People who have cancer that has spread to more than one site are living longer now than they ever have before. In large part, this is thanks to better treatments like immunotherapy. However, there is almost no information regarding the non-medical challenges that people with these cancers face. The New England Journal of Medicine says studies have failed to report the financial, social, and psychological impacts of living with cancer. This recent article was written by Terry Langbaum and Thomas Smith, two professionals who are living with cancer.
Langbaum has survived four cancers over the past thirty seven years. He is currently living with sarcoma, which is a malignant tumor of the connective tissue. Smith, who is a professor at Johns Hopkins School of Medicine, is living with recurring prostate cancer. He’s gone through surgery and radiotherapy, where cancer is treated through X-rays.
Smith says his prostate cancer has changed his life forever. He suffers from severe depression and mood swings that have been brought on by his treatment. He thinks his experience is a clear example of how unprepared patients and doctors are for dealing with this aspect of cancer survival. The advanced treatments that save people’s lives have brought both hope and uncertainty.
The new therapies and combination treatments allow patients who would have lived weeks or months now live for years. 15-20% of people with lung cancer now live past the five year mark. Smith says that’s a luxury that nobody thought was possible.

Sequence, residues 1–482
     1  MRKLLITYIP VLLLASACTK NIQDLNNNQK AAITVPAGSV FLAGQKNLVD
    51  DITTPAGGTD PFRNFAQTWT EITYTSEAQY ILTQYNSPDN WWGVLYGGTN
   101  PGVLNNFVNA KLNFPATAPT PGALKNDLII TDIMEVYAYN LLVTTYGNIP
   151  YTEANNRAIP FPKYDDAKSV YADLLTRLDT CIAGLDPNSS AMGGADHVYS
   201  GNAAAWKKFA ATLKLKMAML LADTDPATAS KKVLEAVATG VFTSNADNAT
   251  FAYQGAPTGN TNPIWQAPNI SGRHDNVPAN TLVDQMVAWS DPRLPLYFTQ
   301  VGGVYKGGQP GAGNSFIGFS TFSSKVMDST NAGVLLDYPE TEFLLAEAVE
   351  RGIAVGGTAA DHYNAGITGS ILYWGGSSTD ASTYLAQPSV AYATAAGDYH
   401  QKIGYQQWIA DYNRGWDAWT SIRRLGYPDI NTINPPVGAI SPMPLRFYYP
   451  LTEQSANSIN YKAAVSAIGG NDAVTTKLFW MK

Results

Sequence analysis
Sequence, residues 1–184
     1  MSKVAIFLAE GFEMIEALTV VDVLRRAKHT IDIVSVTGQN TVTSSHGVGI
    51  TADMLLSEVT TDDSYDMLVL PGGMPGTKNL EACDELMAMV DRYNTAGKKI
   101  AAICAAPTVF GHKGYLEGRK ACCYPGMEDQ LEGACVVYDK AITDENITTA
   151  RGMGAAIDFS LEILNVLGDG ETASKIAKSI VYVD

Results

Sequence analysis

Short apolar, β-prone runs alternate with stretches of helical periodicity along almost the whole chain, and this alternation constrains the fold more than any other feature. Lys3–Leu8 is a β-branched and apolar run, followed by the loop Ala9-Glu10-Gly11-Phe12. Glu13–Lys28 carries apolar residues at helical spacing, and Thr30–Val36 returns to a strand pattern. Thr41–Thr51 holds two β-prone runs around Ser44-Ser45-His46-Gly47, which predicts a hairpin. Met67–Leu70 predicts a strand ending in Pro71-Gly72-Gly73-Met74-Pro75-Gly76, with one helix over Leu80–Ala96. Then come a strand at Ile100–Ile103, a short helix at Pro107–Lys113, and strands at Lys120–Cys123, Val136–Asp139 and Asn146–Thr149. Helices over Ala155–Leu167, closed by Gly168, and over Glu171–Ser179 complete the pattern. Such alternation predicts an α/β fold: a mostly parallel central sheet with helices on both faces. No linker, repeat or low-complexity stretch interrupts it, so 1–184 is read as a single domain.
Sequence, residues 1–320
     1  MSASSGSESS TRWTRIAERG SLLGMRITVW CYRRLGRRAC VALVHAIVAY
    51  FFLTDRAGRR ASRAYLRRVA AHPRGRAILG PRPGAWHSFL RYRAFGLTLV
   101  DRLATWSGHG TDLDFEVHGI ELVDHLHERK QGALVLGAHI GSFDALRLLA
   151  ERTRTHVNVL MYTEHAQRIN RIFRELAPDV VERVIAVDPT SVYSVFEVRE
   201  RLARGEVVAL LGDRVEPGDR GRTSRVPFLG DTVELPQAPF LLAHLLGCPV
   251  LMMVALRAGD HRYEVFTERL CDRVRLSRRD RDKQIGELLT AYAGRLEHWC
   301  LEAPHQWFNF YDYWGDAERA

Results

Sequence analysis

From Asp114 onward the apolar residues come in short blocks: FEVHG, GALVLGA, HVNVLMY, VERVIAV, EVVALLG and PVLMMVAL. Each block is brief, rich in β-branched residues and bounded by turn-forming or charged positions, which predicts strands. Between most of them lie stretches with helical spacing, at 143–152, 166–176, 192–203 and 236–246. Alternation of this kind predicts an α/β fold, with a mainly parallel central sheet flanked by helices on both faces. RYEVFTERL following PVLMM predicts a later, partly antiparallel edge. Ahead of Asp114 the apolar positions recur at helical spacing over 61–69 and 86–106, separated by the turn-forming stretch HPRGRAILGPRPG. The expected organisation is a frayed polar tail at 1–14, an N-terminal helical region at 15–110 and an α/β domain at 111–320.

A friend of Langbaum’s is in her seventh year of fighting pancreatic cancer. Despite multiple hospital visits, she’s been able to go about her normal life. Langbaum says he wants this group of people to be recognized as more than a group that’s waiting to die.
The financial burden of living with cancer is huge. Many of these new and developing treatments cost more than $10,000 a month. Langbaum’s new therapy costs $13,000 and also has a number of adverse side effects. This is representative of the overall trend, showing that more costs are shifting to the patient in long-term cancer survival.
Katherine O’Brien, a woman living with long term breast cancer, thinks that this group has been neglected because they are such a small percentage of the total population. O’Brien is an advocate for the Metastatic Breast Cancer Network (MBCN), a group that tries to address some of these issues. MCBN is trying to work with academic experts to connect people living with long-term cancer and find ways to mitigate some of these problems.